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The Surgeon General Wants Everybody To Take A Lap

The surgeon general laid out a new plan Wednesday to encourage people to get active by walking more often. This actually seems doable.

America can slow down the obesity problem with one easy activity, according to Surgeon General Vivek Murthy.

He says it's as simple as taking a lap.

Murthy wants Americans to make walking a part of daily life, and it's not hard to see why.

"These days, only half of American adults get enough physical activity to reduce their risk of heart disease and diabetes," the Step it Up campaign's video says.

According to the Centers for Disease Control and Prevention, about half of American adults suffer from a chronic disease, like hypertension or diabetes, and more than one-third of Americans are obese.

Murthy told The Washington Post, "We've really lost touch with physical activity. It has slowly vanished from the workplace. More and more kids in school don't have time to exercise."

"Walking is the best exercise we know. Walking helps us to maintain health, it helps as a preventative for certain illnesses and diseases," Dr. Dougal Mackinnon said. (Video via Every Body Walk! Campaign)

Murthy's call to action isn't groundbreaking. In 2013, then-Surgeon General Regina Benjamin spearheaded a campaign called Every Body Walk. Both campaigns stressed the importance of promoting walkable communities.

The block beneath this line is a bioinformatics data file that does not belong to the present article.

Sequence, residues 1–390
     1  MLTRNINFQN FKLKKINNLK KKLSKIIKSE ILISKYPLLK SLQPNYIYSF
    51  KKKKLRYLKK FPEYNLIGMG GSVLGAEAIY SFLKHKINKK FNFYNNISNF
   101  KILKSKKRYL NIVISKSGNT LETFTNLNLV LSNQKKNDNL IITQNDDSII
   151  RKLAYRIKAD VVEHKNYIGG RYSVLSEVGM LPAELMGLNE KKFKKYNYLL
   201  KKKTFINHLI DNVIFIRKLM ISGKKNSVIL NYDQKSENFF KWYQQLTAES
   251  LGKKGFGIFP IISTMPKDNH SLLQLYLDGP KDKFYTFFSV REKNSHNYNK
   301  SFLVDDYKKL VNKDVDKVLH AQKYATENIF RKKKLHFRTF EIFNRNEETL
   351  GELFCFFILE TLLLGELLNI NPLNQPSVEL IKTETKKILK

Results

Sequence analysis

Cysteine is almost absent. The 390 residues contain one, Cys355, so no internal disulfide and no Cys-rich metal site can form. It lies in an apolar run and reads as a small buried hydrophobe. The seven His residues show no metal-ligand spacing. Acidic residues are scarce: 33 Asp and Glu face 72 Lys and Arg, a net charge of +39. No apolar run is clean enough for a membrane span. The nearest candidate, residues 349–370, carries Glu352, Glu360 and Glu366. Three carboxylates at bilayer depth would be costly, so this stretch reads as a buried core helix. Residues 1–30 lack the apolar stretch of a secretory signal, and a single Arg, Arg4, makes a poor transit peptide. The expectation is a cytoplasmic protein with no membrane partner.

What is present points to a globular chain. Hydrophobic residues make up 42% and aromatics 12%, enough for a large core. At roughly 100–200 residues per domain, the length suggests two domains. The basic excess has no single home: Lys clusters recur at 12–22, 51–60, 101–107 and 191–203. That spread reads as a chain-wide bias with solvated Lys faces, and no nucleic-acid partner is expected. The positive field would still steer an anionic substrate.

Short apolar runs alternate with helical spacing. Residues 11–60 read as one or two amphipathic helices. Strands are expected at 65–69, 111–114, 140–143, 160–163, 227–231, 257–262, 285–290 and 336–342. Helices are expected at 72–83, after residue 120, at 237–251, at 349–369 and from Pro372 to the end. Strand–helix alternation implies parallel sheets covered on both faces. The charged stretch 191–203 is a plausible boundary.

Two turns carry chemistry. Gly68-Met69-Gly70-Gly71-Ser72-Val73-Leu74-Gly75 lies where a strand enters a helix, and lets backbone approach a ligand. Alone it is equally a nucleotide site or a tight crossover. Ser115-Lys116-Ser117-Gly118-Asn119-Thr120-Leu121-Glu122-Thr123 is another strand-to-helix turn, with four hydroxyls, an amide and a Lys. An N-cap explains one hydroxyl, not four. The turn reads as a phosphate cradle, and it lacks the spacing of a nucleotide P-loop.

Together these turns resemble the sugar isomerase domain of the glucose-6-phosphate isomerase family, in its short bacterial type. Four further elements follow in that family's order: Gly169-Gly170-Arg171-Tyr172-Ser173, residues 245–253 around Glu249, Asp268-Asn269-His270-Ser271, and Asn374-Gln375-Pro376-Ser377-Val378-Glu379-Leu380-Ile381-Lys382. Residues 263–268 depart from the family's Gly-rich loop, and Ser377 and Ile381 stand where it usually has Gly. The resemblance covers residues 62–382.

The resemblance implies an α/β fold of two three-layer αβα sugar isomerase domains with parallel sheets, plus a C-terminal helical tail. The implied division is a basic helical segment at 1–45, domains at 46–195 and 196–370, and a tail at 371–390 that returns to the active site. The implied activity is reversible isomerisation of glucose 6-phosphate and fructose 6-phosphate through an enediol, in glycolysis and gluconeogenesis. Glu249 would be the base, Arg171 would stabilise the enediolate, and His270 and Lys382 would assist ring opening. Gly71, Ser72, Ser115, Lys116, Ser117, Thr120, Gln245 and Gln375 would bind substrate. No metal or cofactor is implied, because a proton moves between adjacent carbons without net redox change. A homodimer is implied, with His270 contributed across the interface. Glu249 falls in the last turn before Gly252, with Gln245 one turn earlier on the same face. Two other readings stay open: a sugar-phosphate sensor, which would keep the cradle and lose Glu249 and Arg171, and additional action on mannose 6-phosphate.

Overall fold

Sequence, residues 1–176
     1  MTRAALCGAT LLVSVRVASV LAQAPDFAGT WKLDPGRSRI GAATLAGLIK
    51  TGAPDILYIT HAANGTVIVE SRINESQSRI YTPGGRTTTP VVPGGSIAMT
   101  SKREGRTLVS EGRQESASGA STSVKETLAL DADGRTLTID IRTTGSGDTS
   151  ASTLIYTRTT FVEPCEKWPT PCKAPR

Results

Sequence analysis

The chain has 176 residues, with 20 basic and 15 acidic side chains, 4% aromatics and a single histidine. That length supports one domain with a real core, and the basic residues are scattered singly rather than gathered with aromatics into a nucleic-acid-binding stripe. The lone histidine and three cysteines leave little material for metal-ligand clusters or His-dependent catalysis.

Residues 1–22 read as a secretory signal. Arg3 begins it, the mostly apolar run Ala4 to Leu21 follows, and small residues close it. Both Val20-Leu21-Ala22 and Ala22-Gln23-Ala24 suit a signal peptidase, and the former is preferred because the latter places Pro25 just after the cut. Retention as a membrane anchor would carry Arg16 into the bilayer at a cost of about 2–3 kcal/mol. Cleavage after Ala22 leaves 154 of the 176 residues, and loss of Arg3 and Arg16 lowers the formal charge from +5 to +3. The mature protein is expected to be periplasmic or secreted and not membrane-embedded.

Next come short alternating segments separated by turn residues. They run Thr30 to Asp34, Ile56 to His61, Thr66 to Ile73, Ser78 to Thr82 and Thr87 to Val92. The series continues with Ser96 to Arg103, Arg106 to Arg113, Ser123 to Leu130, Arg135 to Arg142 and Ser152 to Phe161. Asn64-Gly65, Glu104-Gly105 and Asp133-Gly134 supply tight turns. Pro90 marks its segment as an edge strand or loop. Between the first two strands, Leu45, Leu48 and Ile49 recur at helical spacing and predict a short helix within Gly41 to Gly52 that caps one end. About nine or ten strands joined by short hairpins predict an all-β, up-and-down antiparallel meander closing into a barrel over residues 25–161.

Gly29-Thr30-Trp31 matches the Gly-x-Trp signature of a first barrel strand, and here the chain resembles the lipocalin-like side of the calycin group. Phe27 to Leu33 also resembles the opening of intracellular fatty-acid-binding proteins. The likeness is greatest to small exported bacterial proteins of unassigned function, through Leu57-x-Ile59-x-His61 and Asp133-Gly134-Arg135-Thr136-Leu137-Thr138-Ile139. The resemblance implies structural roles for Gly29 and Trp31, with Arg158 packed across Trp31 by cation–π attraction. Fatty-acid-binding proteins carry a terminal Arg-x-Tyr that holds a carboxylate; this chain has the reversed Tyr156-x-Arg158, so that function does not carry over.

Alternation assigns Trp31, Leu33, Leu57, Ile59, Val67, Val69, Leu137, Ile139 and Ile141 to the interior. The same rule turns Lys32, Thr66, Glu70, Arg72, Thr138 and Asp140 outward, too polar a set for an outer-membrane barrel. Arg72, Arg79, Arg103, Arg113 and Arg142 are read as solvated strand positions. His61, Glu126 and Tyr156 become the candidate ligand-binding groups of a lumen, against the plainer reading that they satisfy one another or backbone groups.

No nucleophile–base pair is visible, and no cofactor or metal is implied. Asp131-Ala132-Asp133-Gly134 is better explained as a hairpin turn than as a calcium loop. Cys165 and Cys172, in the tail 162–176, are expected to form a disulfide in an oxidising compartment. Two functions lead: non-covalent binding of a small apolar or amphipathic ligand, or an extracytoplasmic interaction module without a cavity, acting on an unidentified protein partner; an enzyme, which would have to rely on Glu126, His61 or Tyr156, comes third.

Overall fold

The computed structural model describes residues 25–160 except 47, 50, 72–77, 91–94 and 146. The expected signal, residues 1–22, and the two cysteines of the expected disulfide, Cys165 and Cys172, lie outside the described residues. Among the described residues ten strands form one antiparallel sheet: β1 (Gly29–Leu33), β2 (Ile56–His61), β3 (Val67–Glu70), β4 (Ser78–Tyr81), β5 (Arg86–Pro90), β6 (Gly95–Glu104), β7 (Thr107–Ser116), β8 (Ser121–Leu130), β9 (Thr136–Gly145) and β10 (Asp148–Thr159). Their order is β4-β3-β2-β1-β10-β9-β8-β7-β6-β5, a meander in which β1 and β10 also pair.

That's because a lot of people simply don't feel safe walking due to crime, roads that aren't safe for pedestrians or poorly maintained sidewalks.

Anna Ricklin of the American Planning Association told USA Today: "How your community is planned really has a lot to do with how healthy you are. You can't blame a child for not walking to school if there is not a safe way to walk to school."

The Step It Up campaign will let the federal government partner with nonprofits, schools and the private sector to create safe spaces for people to walk. (Video via U.S. Department of Health and Human Services)

Whether any of these campaigns actually work is hard to say. The CDC's most recent obesity numbers are from a study that showed while obesity rates in America are high, they were stable from 2003-2010.

We'll see if America is ready to give walking another go.

This video includes images from Getty Images and Leslie Science & Nature Center / CC BY-SA 2.0.

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